The Coercive Acts and Their Opponents: A Study in Futility
In August 1773, Arthur Lee wrote to Sam Adams about a "scheme" to help the East India Company out of its financial difficulties by allowing it to sell tea directly to America. Even if the colonists paid the tea tax (the one unrepealed Townshend duty), he pointed out that it would still come "cheaper to the consumer" than the smuggled Dutch tea common in the colonies. But, as he continued, paying the tax "may lead to a thousand other ways of enslaving us." 1 Lee was referring to the Tea Act passed by Parliament in May. Although, during the debate, some members of Parliament requested that the tea duty be repealed, Lord North optimistically (and, as it turned out, unrealistically) replied that the tea would be "cheap enough to find a market in America, and preserve the duty." 2
The consequences are well known. Reports of the Boston Tea Party reached Great Britain in January 1774. The news could not have come at a worse time. Copies of letters from Governor Hutchinson of Massachusetts and his deputy, Andrew Oliver, to Lord Grenville's secretary, which contained statements critical of the colony's leaders, were obtained by Benjamin Franklin and made public in Massachusetts. The Massachusetts assembly petitioned for the removal of the governor and his deputy. The committee of the Privy Council for plantation affairs considered the petition on January 29, 1774. The committee rejected the petition; exonerated Hutchinson (though he was replaced shortly after, at his own request, by General Thomas Gage); and humiliated Franklin, who was immediately removed from his position as deputy postmaster of America.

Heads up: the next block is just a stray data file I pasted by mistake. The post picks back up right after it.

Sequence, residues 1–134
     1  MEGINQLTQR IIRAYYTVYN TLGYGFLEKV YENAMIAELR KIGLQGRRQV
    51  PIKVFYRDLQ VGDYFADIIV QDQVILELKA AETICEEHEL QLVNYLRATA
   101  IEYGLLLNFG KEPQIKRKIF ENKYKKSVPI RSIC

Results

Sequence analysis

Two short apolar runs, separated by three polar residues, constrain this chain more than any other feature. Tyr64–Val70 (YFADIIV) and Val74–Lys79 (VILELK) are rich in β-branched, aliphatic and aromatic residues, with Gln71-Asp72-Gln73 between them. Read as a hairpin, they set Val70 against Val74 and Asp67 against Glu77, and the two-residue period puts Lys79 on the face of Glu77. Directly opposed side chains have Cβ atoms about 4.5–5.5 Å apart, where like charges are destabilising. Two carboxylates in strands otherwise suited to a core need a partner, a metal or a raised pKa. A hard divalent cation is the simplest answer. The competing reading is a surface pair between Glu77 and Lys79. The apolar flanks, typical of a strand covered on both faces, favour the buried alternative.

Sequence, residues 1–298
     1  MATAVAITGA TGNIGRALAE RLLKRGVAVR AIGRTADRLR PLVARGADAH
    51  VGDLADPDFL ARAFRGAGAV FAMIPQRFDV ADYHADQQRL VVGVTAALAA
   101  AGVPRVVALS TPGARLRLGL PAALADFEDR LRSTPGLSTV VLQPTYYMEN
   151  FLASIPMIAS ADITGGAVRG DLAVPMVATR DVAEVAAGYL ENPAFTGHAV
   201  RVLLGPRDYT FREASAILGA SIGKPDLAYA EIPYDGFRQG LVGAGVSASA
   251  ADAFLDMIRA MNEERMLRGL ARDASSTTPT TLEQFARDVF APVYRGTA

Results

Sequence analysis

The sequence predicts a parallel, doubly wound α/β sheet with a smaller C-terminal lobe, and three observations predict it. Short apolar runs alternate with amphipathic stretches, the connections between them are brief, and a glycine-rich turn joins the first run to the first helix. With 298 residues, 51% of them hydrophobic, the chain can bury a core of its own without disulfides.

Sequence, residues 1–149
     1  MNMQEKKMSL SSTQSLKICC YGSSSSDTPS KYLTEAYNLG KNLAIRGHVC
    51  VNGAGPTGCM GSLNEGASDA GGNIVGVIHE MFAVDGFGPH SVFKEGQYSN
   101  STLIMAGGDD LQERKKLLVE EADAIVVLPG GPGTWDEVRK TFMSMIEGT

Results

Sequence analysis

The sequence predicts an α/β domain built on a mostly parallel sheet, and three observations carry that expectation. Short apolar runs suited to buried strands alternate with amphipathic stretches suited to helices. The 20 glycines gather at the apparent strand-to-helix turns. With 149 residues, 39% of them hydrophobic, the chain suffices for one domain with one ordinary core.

Not surprisingly, then, the royal message to Parliament on March 7 instructed it to do whatever "may be necessary . . . for better securing the Execution of the Laws, and the just dependence of the Colonies upon the